Fabio Fognini: A Perplexing Study In Nonchalance


Fabio Fognini. What a great name, very Italian. It tumbles easily off the tongue and is phonetically agreeable to the ear. The name has flair as does the guy who owns that moniker.

Fognini is currently the no. 2 ranked Italian male on the professional tennis circuit and the 47th highest ranked male on the planet. Obviously he’s a very good player.

He came to my attention in 2011. Saw several of his matches on television. It was abundantly clear that the man had serious skills.

He displayed a penchant for controlling points from the middle of the baseline while minimizing his own lateral movement which created an illusion of him expending very little energy. But when necessary, he became surprisingly quick, agile, and amazingly fast.

Fognini is also a very clean ball striker with compact, efficient, accurate strokes. He reads the ball well and is adept at making rapid adjustments that facilitate his economy of movement.

He’s all of these superlatives and more packed into a solidly sculpted 5′ 10″ frame.

He hits the ball far bigger than his size.

In addition to his ample tennis skills, Fognini has the good looks of the quintessential handsome hero character in some imaginative female author’s steamy romance novel.

I saw him live this summer at the Western & Southern Open in Cincinnati. His first-round opponent was German pro, Florian Mayer. The first set was in progress as I took my seat.

It was instantly apparent that a large number of lovely women were in attendance while only a smattering of guys. The ladies seemed in a state of doe-eyed rapture as they watched Fognini go about his business because he wasn’t just playing a match, he was playing the girls too.

Though he seemed oblivious, I’m convinced he knew he had a captive mostly feminine audience. He just did little things that caused women to dawn crooked little smiles on slightly tilted attentive heads, you know, the look that says, “God he is just soooo cute!”

After a particularly grueling exchange in which he lost the point, he looked towards his box, shrugged his shoulders and uttered something to them in Italian complete with gesticulations. The girls loved it.

One woman in front of me, a total stranger, turned completely around and began talking to me about him. Her eyes were all dreamy and stuff. I listened and nodded approval for whatever she had to say. Clearly, she was hooked.

What I found even more fascinating than Fognini’s effect on the opposite gender was his seeming lack of interest in the match, a match it appeared as though he could win if he wanted to.

He routinely won protracted rallies with some dazzling shot after which he would casually stroll (as though he could perform that particular miracle shot anytime he desired) to the other side to begin another point. It was quite a show of cavalier nonchalance.

If he lost any such point, the stroll became even more casual. He’d mutter some Italian to himself and look as though he couldn’t possibly care any less.

My new friend turned and dreamily said, “You know, he could win if he wanted to.” I smiled and nodded affirmatively. Problem was, he wasn’t winning. What’s more, he didn’t seem to give a rat’s ass.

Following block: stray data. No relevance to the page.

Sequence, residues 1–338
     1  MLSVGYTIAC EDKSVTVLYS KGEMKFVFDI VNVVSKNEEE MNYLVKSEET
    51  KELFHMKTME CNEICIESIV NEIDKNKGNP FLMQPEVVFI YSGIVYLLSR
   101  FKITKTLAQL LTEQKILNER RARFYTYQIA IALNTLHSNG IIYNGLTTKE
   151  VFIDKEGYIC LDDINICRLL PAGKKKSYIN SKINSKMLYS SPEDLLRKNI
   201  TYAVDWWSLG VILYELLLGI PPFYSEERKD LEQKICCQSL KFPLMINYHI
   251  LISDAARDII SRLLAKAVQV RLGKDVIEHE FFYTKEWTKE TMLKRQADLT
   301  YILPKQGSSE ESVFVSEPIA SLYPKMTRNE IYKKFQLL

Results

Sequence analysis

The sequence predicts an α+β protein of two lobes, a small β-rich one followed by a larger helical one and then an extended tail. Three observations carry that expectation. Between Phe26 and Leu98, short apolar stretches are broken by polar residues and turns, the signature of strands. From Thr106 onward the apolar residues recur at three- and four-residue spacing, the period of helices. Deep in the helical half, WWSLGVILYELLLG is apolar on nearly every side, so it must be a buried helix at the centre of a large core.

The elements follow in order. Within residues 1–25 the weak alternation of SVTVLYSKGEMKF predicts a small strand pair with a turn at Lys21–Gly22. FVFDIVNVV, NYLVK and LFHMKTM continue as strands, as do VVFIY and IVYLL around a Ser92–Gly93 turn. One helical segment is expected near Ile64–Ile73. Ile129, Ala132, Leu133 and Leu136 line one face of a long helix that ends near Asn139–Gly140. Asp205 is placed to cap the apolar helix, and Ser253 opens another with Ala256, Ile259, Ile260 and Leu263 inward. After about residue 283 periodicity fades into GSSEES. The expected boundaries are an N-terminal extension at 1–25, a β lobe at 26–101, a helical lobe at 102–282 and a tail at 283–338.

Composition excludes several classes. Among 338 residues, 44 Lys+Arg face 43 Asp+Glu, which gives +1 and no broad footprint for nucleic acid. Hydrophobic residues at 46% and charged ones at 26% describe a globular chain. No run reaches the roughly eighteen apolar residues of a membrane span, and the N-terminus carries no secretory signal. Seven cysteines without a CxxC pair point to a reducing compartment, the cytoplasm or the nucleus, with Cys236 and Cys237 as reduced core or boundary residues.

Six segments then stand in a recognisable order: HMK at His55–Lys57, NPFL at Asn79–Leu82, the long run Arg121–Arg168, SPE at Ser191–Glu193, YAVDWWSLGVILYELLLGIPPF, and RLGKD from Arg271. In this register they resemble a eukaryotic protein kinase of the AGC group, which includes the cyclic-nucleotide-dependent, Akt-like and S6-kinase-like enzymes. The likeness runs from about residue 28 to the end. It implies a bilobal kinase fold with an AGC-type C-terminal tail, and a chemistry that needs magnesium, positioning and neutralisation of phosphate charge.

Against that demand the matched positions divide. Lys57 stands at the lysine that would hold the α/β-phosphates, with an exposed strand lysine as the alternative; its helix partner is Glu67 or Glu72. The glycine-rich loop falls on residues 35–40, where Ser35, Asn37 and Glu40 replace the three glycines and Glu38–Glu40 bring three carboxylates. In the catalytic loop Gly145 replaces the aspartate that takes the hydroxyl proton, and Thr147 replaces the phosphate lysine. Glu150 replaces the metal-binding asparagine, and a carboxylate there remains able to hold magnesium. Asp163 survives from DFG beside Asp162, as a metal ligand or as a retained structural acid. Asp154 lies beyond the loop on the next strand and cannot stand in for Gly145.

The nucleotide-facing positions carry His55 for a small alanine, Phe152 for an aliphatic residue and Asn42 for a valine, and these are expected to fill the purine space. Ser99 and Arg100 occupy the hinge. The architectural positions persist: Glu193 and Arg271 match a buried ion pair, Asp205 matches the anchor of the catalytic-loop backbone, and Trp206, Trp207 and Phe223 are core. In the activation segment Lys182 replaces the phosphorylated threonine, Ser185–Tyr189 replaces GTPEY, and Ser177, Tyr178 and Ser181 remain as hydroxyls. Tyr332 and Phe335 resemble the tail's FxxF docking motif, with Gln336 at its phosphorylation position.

That puzzled me, especially since occasionally he appeared about to swing match momentum favorably towards himself. But then, inexplicably, he’d miss a crucial shot by the slimmest of margins, look towards his box or heavenward, mutter some beautiful Italian words which brought about silly expressions of delight from the legion of bedazzled women, and then saunter disinterestedly towards his chair having lost the game.

It was puzzling but strangely interesting.

He lost the match but I swear I think he shoulda/coulda/woulda won if only he’d wanted to.

I make that statement from the perspective of an non-smitten male. The guy can play seriously good ball. It took Andy Roddick four tough sets to get by him in the third round of the US Open.

But that one fundamental problem often seems to sabotage his play–he’s passionately dispassionate, or so it seems.

Most recently, Fogini must have wanted to win some matches because he reached the finals of the St. Petersburg Open in St. Petersburgh, Russia. He lost in straights to the up-and-coming Martin Klizan. Klizan defeated both Jo-Wilfried Tsonga and Jeremy Chardy in the US Open.

I tentatively felt that Fogini could give the red-hot Klizan a run for his money. I was wrong. Klizan won, 6-2, 6-3, to clinch his first ATP title.

As in Cincinnati, Fognini played lackadaisically, as though not truly engaged in the match. But at least this time, on several occasions, he showed some fire, enough in fact that he was assessed a point penalty for racket abuse.

It’s hard to know what’s going through his mind. Maybe he actually does care but expresses those emotions outwardly in what appears to be a non-caring fashion.

Whatever the case, Fognini is enormously talented and, oddly, a fascinating player to watch. His detached demeanor, for some inexplicable reason isn’t annoying, it’s actually somewhat interesting.

After witnessing one of his losses, you’re left a little perplexed, but thinking he could have won if only he’d really, really wanted to.

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2 thoughts on “Fabio Fognini: A Perplexing Study In Nonchalance

  1. Marty I agree with your assessment, but as I recall it, in Cincinnati, he got a foot fault called on him as he was serving for the 1st set, and he was no good after that !!

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